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Could pine be used for counter tops?

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Forum topic by Say posted 01-24-2014 09:18 AM 1854 views 0 times favorited 11 replies Add to Favorites Watch
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Say

5 posts in 1337 days


01-24-2014 09:18 AM

Topic tags/keywords: question pine

I have collected full size 2×4 x 8 feet long pine wood from a trucker and was wondering if i could turn it into my new countertop. Its the only wood thats in my budget at the moment. Is there a disadvantage on using pine for a countertop?


11 replies so far

View Monte Pittman's profile

Monte Pittman

21991 posts in 1799 days


#1 posted 01-24-2014 09:41 AM

I have seen several counter tops made of beetle kill pine an coated with epoxy. Should work for you.

-- Mother Nature created it, I just assemble it.

View wbrisett's profile

wbrisett

201 posts in 1809 days


#2 posted 01-24-2014 10:11 AM

Pine is considered a soft wood, so you do need to be mindful of that, however if you do as Monte says and use one of the resin-based products out there, I have no doubt it would look great. I used oak for my two bathroom remodels and then used a marine-based Spar and people love the wood look in the house. I didn’t have to use a heavier epoxy because it was oak, but pine would have worked fine as long as it had a hard coating placed on top.

View Jake's profile

Jake

850 posts in 1091 days


#3 posted 01-24-2014 10:24 AM

I used 2”x20” pine as my bar countertop and my computerstation. No problems at all, as Monte said, with a decent coat of Epoxy it will be fine.

-- Measure twice, cut once, cut again for good measure.

View The Box Whisperer's profile

The Box Whisperer

678 posts in 1531 days


#4 posted 01-24-2014 12:43 PM

+1 on the epoxy. Pine will darken nicely over the years but because its soft and youll be using it, you need to seal it. Im also pretty sure pine has some resins in it you dont want to have near your food. Im in the middle of an epoxy job with West epoxy systems. I got it at Lee Valley and couldn’t be happier.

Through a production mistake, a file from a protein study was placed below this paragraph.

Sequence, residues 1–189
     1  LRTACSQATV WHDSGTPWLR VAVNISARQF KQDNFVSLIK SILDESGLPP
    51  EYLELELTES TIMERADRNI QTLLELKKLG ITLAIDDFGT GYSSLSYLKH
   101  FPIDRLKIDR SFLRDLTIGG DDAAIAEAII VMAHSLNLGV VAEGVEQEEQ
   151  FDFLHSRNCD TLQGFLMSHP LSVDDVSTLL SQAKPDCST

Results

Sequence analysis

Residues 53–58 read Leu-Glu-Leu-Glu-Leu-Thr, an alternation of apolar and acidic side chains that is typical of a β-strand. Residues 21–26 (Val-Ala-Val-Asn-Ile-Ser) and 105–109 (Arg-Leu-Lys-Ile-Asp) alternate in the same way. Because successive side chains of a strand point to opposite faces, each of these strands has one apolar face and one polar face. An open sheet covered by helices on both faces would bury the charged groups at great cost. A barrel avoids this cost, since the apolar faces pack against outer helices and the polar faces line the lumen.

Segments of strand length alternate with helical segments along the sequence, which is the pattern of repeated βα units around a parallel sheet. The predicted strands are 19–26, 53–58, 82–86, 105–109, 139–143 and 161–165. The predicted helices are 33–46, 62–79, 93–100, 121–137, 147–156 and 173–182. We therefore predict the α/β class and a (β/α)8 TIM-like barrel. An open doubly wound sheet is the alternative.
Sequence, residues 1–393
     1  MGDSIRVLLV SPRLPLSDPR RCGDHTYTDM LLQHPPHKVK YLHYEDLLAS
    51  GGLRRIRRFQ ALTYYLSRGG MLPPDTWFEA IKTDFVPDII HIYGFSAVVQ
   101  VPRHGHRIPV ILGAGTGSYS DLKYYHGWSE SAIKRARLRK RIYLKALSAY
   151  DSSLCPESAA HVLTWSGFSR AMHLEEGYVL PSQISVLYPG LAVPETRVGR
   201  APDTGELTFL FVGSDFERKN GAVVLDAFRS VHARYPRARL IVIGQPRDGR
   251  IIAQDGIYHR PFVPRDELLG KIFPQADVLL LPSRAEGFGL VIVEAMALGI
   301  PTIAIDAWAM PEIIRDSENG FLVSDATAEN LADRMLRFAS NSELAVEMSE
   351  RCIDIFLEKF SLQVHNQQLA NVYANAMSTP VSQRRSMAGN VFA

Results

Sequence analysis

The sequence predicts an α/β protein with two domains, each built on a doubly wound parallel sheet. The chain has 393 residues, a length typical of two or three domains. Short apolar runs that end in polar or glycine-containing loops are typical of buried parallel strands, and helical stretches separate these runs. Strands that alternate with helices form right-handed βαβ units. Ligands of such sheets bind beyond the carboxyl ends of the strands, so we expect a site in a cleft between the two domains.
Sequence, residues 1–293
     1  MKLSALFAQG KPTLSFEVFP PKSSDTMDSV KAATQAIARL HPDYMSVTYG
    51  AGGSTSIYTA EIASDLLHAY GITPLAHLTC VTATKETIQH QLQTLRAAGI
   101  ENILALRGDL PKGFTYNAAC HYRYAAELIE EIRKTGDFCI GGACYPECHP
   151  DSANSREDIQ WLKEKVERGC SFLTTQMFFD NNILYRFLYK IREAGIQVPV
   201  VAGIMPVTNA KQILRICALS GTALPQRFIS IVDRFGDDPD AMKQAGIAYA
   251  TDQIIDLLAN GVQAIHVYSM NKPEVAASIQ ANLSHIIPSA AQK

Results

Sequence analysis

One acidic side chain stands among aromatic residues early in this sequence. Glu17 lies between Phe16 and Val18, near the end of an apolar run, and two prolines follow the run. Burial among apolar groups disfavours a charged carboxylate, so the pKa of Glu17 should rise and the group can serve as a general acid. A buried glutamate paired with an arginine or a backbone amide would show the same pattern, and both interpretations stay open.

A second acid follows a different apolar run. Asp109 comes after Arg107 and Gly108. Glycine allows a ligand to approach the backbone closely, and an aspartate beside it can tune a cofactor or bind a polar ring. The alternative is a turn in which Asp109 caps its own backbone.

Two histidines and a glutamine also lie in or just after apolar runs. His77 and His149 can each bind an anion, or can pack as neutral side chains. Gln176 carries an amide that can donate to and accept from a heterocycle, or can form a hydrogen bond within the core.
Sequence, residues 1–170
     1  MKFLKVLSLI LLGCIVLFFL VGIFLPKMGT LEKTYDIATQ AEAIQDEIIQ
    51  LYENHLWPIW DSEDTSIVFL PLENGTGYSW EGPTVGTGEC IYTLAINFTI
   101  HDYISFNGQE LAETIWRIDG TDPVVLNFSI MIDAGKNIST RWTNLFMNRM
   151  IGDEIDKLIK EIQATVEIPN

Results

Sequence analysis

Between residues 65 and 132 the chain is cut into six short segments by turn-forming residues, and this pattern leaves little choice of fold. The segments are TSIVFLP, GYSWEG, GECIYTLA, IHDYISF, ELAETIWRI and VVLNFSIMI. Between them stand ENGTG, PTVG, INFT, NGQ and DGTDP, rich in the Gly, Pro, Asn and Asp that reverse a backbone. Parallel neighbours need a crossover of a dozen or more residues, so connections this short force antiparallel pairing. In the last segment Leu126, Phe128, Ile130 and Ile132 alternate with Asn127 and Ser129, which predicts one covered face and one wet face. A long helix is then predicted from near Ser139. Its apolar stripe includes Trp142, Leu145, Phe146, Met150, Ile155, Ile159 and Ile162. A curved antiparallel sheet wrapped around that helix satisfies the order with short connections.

-- "despite you best efforts and your confidence that your smarter and faster than a saw blade at 10k rpm…. your not …." - Charles Neil

View Don W's profile

Don W

17958 posts in 2028 days


#5 posted 01-24-2014 01:04 PM

I made my countertop from pine over 20 years ago. They are still going strong. I finished with a marine varnish.

-- Master hand plane hoarder. - http://timetestedtools.net

View Charles Maxwell's profile

Charles Maxwell

1081 posts in 3268 days


#6 posted 01-24-2014 03:05 PM

If you have the tools, time and patience, you could cut that board into short end grain pieces and glue up to form an end grain top. That would partially negate the softness factor and the grains would add beauty. For wood counter tops, I always finish with 2 part varnish (Minwax works).

-- Max the "night janitor" at www.hardwoodclocks.com

View Say's profile

Say

5 posts in 1337 days


#7 posted 01-24-2014 03:13 PM

Thanks for all your help, now its time for this new guy to learn some jointery. Im just assuming i have to ” mill ” the wood before i join them. Is there a certain way or rule to glue or join the wood i that i got ( 2×4 rough) ?

View BobAnderton's profile

BobAnderton

218 posts in 2251 days


#8 posted 01-26-2014 01:21 PM

Say, ask around and find a friend who has a jointer, a surface planer, and a tablesaw. You’ll want to get all of those 2×4s smooth square and straight for the glue-up. If any of the boards have crooks or non-straightness to them cut them shorter before jointing to remove the crook and you’ll be able to lay them up once all the pieces are straight. For your purpose, gluing two smooth 2 or 4” wide surfaces together will be plenty strong without any interlocking glue joints.

I second Charles’ comment about making the top surface end grain, but another option would be to cut and arrange the boards so that the top surface is quartersawn, meaning the growth rings are running vertical from the top to the bottom of the countertop. In essence, you’re looking at the edge grain as your top rather than what would normally be the face grain. I think this looks better for pine and will make it look less like 2×4s. Google “quartersawn pine images” to see what I mean about the growth rings running perpendicular to the face of the board.

Edit: following up on dhazelton’s comment below, the quartersawn suggestion would also help limit expansion across the width of the countertop to about 1/2 that of a flatsawn layup.

-- Bob Anderton - Austin, TX - Nova 3000 lathe, Alaskan Mark III mill, Husqavarna Saw

View dhazelton's profile

dhazelton

2322 posts in 1757 days


#9 posted 01-26-2014 02:01 PM

As stated above, it’s doable with a LOT of milling. Also when you affix it to the cabinets allow for expansion along the width, perhaps silicone it down and only use screws along one side of it’s length.

View CypressAndPine's profile

CypressAndPine

62 posts in 1268 days


#10 posted 01-26-2014 05:56 PM

Use it. Pine is under rated. It’s very versatile and I personally find it to be beautiful, especially with some age. We have a mill close by that sells top grade pine for a good price and I love it.

-- Cypress Jake, New Orleans

View Say's profile

Say

5 posts in 1337 days


#11 posted 02-13-2014 04:38 AM

I thank you all for the comments and Im going to try my best using all your wisdom in my first project.

Thanks Charles, i will use your end grain top idea.

Thanks BobAnderton for your milling tips

Thanks dhazelton for your fastning down the countertop tip.

My first counter top cabinet project might take some time to complete. I hope i can finish it within 2 years. LOL

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